March 23, 2015

The Enterprise Patterns on a Diet

Not too long ago I wrote a post regarding Andy Fawcett's book, Enterprise Architecture, though I must confess it's only in the last few weeks that I've really been getting to grips with the patterns and putting them to use.


Shying Away

One reason I never really looked into the patterns in too much detail (until the arrival of the aforementioned book) is that I like things to be lean, and simple, I'm not a huge OO guy and the idea of having extra classes around was not something I liked the sound of. I recently started working on a new project and thought it'd be a great chance to put the patterns to use, so I headed to the GitHub repo and was slightly taken aback at how much code was required just to be able to use the base pattern classes, i.e. the Selector, Domain and Service base classes.

Lightening The Load

I raised my concerns over the amount of code required to start using the patterns, and we had a Skype chat to discuss the idea of breaking down the fflib-apex-common library, to remove the dependency on the Apex Mocks library (fflib-apex-mocks) and separate out the more 'advanced' features of it.

Work is still on-going and I've not gotten around to working out how the extras would be bolted on yet, but if you want to get going with the core library then please check out my branch of fflib-apex-common and let me know what you think. So far it's been reduced down to the following classes (plus their respective test classes!):

Class Description
fflib_SObjectDomain.cls The Domain layer base class
fflib_SObjectSelector.cls The Selector layer base class
fflib_SObjectUnitOfWork.cls The Unit of Work implementation
fflib_SecurityUtils.cls Utilities for checking CRUD and FLS access
fflib_StringBuilder.cls Utilities for compiling string-based queries etc., the 'light' version of Query Factory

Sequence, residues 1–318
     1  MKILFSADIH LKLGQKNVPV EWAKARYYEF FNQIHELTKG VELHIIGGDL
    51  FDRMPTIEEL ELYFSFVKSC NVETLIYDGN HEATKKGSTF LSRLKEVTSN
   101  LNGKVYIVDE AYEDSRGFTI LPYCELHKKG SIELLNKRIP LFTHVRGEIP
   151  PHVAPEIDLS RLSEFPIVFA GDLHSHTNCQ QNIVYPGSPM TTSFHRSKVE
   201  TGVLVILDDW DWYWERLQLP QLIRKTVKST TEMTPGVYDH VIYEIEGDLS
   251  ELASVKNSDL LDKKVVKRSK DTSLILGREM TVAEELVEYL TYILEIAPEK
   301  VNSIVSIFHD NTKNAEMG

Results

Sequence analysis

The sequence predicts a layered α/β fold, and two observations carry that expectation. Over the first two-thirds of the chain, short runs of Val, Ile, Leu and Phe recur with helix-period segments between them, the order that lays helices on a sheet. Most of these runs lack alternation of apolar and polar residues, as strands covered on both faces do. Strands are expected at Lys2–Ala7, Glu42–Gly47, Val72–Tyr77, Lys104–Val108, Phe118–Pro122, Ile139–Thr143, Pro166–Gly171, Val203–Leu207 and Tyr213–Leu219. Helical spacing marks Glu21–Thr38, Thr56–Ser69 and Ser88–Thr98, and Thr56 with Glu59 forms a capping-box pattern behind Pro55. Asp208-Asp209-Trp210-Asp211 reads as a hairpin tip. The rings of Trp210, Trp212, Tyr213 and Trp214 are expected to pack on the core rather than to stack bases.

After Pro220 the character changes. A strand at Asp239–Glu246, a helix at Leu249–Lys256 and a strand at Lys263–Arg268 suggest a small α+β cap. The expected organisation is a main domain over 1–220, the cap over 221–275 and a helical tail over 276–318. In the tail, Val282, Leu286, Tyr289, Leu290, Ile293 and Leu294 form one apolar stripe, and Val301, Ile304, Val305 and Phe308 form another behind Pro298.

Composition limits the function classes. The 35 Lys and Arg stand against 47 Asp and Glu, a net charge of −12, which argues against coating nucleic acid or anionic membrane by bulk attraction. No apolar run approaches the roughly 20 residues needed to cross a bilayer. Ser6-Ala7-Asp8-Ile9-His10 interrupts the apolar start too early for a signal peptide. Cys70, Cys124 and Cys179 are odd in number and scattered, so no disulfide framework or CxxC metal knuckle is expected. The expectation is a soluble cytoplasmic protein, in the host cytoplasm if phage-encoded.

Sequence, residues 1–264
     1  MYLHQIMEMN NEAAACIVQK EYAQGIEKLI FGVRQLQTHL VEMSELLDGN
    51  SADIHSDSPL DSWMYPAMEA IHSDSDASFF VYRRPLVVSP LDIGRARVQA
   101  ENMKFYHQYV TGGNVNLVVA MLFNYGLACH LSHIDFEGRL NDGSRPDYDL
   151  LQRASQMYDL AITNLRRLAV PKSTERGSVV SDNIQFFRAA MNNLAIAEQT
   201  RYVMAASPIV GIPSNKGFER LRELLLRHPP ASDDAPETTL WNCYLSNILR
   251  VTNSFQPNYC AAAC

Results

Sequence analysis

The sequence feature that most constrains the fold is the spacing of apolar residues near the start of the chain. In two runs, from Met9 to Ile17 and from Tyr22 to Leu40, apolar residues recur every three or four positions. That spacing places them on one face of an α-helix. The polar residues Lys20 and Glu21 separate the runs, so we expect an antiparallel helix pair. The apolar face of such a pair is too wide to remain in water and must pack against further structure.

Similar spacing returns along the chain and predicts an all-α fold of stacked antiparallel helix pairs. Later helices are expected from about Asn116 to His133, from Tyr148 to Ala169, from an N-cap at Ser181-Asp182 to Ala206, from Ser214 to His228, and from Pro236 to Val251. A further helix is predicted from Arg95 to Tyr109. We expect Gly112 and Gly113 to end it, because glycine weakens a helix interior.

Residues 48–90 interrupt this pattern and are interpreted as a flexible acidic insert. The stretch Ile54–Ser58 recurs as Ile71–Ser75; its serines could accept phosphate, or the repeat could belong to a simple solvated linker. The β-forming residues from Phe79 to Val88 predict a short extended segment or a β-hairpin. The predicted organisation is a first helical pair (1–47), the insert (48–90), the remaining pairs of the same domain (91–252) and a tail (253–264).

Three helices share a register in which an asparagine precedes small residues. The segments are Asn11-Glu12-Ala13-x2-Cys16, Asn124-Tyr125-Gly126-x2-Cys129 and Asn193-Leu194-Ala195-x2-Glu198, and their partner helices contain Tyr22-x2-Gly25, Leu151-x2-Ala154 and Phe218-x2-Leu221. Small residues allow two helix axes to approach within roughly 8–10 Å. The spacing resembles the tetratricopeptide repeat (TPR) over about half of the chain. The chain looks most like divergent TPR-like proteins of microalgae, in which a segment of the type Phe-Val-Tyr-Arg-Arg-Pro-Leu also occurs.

I'm not going to delve into the details of these classes here as that's what the book is for (or the excellent series of blog posts from Andy on, but hopefully the names are familar and the idea is to distil things back down to the essence of the patterns. With these classes and tests you can start building out your code using these techniques, and so far I'm finding them both beneficial and enjoyable. The use of the service layer in particular is great for keeping your Visualforce controllers simple and free from business logic, as can be seen in these two methods that I wrote today:

global static Boolean assignUserToEvents(Id userId, List<Id> events) 
    return EventService.assignUser(userId, new Set<Id>(events)); 
public void schedule() 
    ProjectService.Schedule(new Set<Id>{project.Id}); 

Working With The Patterns

So far I do have more classes than I'd ever have had before just to support a single Visualforce page and single trigger, but there's more functionality to come and I can already see that when I get to that a lot of the core will have been taken care of for me. The Unit of Work is also proving to be an invaluable tool which you could even adopt on it's own if you're not yet ready to take the plunge into using the rest of the patterns available. Trust me, if I can be converted, then so can you.